This Opus charger comes with a 4 page manual - in a tiny typeface. A reformatted version of the manual (in larger type) is available at manualslib dot com - search for BT-C2000. Let me try real links...

You can download the manual there in pdf form. (The downloaded pdf will display better than the online viewer version and its is a quick download - only 118KB. FYI, I used finereader.abbyyonline dot com [...] to OCR the manual. It did a phenomenal job.)

Quick summary of Working Modes:
CHARGE ....................... Charge. Once FULL, a small maintenance charge is applied.
DISCHARGE .................. Discharge. When completed "0 mA" is displayed. Press DISPLAY to view discharged mAH capacity.
DISCHARGE - REFRESH ... Cycle: (Discharge, Charge) repeated 3 times. Refreshes older batteries to maximum capacity. Takes many hours.
CHARGE - TEST .............. Cycle: (Charge, Discharge, Charge).
.................................... After completion, the tested discharge capacity is displayed in mAh alternating with "FULL".
QUICK TEST .................. Measures battery internal resistance in milliohms +/- 10%. (Unreliable for C and D cells).

The firmware revision of the battery charger is displayed when you power it up. Mine is 2.0. The box said it was "with 2nd generation firmware and hardware design".

I received this charger just a few days ago (1/23/14) and have only used it a few times. Seems terrific so far. Minor point - I would prefer a Start button so I could take my time reading the display instead of having it auto start after a few seconds. But I guess that makes it easy to do the default mode charge - just pop in batteries and it will do its thing. It would be nice to be able to recall last few results.
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on March 8, 2015

This thing total rocks.

MLEE has done a pretty good review, and I have to agree this is a decent unit.

What I like about it is the ability to TEST batteries by charging and discharging them under load, then recharge them.

Now the reason this is SO cool, and SO helpful, is that many NiMH batteries do not get their full potential until they've been discharged and charged a few times.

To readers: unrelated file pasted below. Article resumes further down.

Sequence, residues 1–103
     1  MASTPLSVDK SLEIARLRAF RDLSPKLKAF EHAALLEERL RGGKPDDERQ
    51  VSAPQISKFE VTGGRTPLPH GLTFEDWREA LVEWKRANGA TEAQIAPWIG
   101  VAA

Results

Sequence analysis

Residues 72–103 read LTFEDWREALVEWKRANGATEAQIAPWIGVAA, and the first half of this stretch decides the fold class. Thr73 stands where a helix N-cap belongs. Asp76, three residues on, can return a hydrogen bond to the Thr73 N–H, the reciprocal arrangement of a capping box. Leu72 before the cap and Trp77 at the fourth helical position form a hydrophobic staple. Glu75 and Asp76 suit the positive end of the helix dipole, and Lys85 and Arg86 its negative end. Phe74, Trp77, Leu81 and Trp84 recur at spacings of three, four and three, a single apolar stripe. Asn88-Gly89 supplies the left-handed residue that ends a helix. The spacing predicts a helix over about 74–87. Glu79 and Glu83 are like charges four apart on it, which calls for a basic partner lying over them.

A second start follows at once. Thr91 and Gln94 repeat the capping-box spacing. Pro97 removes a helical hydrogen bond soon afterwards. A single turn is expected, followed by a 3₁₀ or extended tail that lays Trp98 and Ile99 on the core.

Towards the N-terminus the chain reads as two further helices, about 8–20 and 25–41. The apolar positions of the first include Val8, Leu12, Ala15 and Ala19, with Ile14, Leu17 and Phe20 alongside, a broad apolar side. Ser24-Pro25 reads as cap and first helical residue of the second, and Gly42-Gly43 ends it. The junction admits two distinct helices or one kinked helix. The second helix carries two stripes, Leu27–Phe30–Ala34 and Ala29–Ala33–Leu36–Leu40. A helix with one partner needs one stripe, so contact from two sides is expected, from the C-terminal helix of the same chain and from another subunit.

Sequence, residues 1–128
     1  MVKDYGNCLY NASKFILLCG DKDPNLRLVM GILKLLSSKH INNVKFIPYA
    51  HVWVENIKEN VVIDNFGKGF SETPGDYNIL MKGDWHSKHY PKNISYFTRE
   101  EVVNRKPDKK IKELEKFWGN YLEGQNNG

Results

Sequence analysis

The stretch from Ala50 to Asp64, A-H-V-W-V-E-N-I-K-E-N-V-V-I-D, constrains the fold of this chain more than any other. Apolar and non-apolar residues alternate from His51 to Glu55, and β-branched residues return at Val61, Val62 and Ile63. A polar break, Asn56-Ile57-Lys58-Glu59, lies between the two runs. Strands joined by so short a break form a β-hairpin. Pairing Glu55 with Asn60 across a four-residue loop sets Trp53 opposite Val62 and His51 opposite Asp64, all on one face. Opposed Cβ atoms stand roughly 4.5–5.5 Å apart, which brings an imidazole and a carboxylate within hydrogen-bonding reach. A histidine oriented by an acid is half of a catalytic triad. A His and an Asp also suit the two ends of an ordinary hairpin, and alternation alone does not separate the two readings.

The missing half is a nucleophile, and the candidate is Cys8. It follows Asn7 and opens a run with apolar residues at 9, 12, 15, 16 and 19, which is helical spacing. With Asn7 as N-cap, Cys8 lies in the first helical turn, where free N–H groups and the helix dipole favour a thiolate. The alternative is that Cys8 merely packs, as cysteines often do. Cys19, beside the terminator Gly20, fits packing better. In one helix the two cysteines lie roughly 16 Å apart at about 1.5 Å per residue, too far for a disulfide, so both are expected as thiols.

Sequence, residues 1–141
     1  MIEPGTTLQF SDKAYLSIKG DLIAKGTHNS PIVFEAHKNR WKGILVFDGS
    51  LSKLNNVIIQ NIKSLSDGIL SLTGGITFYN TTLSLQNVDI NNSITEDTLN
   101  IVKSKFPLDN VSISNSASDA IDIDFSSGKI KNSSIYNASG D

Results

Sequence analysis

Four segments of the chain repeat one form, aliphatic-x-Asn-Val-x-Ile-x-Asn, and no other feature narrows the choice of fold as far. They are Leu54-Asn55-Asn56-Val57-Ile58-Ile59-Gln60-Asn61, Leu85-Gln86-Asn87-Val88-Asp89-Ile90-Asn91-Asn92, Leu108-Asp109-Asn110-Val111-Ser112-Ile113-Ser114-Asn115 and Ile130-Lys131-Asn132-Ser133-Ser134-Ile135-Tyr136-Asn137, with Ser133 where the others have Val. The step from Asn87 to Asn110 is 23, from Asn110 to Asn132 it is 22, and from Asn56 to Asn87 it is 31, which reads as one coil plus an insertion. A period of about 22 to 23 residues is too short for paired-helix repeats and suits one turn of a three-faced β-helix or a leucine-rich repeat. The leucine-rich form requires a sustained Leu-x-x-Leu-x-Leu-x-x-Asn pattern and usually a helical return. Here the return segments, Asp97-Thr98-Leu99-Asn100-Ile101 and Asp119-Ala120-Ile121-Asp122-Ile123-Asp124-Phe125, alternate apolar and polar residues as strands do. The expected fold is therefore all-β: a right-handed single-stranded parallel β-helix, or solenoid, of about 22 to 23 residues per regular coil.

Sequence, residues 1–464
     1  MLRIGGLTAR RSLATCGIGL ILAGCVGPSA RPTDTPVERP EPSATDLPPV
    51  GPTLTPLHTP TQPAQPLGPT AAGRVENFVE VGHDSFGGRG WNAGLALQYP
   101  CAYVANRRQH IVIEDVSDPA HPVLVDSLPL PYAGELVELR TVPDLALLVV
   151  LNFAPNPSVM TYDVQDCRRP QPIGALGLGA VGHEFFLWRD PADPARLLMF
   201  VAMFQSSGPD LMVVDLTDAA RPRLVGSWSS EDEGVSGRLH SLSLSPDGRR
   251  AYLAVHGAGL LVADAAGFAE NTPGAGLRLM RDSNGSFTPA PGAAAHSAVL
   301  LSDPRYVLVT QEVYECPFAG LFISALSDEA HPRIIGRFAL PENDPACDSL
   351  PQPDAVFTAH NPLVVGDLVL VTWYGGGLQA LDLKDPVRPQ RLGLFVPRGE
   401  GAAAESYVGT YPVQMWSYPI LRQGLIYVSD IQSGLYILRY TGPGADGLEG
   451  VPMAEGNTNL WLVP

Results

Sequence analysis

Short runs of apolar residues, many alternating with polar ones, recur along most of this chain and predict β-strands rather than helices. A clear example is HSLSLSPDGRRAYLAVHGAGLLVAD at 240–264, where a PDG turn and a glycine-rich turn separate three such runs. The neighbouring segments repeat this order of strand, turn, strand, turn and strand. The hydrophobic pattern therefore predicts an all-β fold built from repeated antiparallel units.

In my case, I was charging Eneloop 2200s for long term storage. So I was able to run several charge / test cycles to get them ready for a few years in storage...

On another note, this unit was even able to recondition some non-LSD (low self discharge - were well past the 1960s folks! wink) Energizer AAA and AA batteries that the OEM chargers would no longer charge. Surprisingly, they are working great now...

Lastly, this charge will report to you the total number of mA of capacity the batteries end up with. This allows you to know if the batteries are actually doing well, or heading toward the end of their lives.
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on February 3, 2016
Does what it says. I have run most of my existing and new rechargeables through the unit (mostly Eneloops). Does 1-4 at a time; AAs, AAAs, Cs and Ds; and will charge individually and mixes of batteries. I see that it has increased mAh capacity of some of my older cells. Unit cycles them down to about .9 volts, then back up to about 1.45 when finished. (Alkaline one-times can drop down to about 1.2 volts VERY quickly (30-40% of capacity used), while LSDs stay above 1.3 volts for most of their life. Then the Opus will trickle-charge them at 10-20 mAh. I then write the final mAh reading on the battery to keep track of their capacities. (BTW, the Eneloops are the best cells I have tried so far). This Opus received good reviews everywhere I researched. Finally, I chose this Opus as opposed to the Maha & LaCrosse because the Opus charges Cs & Ds. Cheers!